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Stanford Researchers Create Stretchy Skin-Like Sensors

The team believes they could have applications in prosthetic limbs, robotics and touch-sensitive computer displays.

Emma Hutchings
Emma Hutchings on October 26, 2011.

Researchers at Stanford University have created a transparent skin-like sensor that can be stretched to more than twice its length and then bounce back to its original shape. It can also sense different kinds of pressure, as research team member Darren Lipomi explains:

This sensor can register pressure ranging from a firm pinch between your thumb and forefinger to twice the pressure exerted by an elephant standing on one foot. None of it causes any permanent deformation.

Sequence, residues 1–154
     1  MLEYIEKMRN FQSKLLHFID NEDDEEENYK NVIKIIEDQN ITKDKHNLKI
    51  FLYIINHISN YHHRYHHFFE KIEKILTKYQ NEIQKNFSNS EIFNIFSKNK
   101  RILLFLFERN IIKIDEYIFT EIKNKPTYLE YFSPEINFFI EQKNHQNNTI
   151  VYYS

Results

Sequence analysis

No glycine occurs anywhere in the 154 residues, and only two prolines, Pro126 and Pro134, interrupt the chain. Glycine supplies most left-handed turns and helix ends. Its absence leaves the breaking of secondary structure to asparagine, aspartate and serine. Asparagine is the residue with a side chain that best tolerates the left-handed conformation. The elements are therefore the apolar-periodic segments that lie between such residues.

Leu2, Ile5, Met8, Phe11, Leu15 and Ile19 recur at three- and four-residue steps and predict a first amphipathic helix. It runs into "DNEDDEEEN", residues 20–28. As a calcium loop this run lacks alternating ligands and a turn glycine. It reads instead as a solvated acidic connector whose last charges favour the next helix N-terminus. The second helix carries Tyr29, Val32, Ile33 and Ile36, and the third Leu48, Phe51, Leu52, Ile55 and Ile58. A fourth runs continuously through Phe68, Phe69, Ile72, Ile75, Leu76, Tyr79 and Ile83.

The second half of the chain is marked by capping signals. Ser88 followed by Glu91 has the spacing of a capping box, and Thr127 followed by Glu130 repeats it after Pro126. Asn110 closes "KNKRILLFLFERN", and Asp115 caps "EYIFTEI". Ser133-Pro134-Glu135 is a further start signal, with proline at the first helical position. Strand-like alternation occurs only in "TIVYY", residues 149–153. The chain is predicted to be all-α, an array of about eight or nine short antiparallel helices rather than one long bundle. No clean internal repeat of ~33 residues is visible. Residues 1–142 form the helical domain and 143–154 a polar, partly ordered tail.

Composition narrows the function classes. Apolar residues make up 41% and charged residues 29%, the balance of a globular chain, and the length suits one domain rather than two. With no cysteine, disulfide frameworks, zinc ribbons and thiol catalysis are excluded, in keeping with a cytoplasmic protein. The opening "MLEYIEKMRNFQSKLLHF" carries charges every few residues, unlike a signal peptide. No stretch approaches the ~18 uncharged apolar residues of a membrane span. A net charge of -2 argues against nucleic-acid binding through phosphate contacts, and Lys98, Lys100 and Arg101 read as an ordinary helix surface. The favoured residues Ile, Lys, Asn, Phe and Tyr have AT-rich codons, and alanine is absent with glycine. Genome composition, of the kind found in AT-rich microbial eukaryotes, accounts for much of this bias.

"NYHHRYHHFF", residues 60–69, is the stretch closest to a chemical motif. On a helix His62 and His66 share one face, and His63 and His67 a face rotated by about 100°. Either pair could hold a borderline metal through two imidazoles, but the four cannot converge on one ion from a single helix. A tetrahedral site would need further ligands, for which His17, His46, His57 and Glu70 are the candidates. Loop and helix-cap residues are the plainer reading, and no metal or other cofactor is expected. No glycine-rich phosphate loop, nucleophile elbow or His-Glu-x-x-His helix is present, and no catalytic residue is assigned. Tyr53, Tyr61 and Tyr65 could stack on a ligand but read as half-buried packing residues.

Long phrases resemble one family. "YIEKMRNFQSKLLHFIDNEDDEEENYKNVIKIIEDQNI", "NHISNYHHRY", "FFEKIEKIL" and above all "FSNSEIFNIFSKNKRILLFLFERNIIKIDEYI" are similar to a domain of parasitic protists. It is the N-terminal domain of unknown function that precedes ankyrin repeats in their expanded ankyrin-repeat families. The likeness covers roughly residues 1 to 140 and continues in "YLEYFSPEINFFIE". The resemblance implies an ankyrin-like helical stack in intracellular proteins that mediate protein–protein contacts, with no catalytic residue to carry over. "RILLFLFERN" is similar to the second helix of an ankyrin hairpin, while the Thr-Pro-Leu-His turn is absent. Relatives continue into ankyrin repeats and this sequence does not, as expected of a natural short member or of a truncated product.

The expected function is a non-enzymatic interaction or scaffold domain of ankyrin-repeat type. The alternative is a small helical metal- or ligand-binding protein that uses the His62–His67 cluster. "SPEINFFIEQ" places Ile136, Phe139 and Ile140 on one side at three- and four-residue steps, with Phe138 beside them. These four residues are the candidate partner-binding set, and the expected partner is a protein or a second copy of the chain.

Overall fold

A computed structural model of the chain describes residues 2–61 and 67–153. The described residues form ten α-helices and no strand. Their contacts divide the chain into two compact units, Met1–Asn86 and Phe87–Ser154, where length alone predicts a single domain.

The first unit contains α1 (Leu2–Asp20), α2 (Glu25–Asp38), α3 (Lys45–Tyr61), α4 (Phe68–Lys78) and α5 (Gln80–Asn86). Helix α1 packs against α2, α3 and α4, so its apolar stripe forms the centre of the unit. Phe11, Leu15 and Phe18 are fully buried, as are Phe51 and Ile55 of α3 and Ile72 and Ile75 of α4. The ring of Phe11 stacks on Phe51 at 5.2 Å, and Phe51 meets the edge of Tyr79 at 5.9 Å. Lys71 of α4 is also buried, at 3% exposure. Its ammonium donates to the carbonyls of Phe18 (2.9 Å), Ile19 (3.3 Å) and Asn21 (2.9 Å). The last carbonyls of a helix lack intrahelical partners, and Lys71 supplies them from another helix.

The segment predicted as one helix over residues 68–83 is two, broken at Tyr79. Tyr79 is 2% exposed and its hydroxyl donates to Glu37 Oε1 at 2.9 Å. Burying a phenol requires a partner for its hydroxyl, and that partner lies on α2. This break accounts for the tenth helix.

By airbrushing carbon nanotubes onto a thin layer of silicone and stretching out the substance, the nanotubes form little structures that look like springs. When the silicone is stretched, these get pulled in that direction and when it is released, they cause it to rebound back to its original dimensions.

These sensors could be used for making touch-sensitive prosthetic limbs, pressure-sensitive bandages, touch-sensitive computer screens or robots. Watch the video below to learn more about this stretchable artificial skin:

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